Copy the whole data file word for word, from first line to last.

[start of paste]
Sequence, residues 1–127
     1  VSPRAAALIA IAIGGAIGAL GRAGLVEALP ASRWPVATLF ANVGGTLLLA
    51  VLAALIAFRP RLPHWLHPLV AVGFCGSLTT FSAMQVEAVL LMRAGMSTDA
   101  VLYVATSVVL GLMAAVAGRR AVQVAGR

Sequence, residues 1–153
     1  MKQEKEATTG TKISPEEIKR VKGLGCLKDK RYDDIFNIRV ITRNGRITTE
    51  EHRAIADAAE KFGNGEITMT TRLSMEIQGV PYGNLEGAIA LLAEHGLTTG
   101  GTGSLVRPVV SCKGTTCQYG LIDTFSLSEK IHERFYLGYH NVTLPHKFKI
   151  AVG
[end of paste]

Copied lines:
Sequence, residues 1–127
     1  VSPRAAALIA IAIGGAIGAL GRAGLVEALP ASRWPVATLF ANVGGTLLLA
    51  VLAALIAFRP RLPHWLHPLV AVGFCGSLTT FSAMQVEAVL LMRAGMSTDA
   101  VLYVATSVVL GLMAAVAGRR AVQVAGR

Sequence, residues 1–153
     1  MKQEKEATTG TKISPEEIKR VKGLGCLKDK RYDDIFNIRV ITRNGRITTE
    51  EHRAIADAAE KFGNGEITMT TRLSMEIQGV PYGNLEGAIA LLAEHGLTTG
   101  GTGSLVRPVV SCKGTTCQYG LIDTFSLSEK IHERFYLGYH NVTLPHKFKI
   151  AVG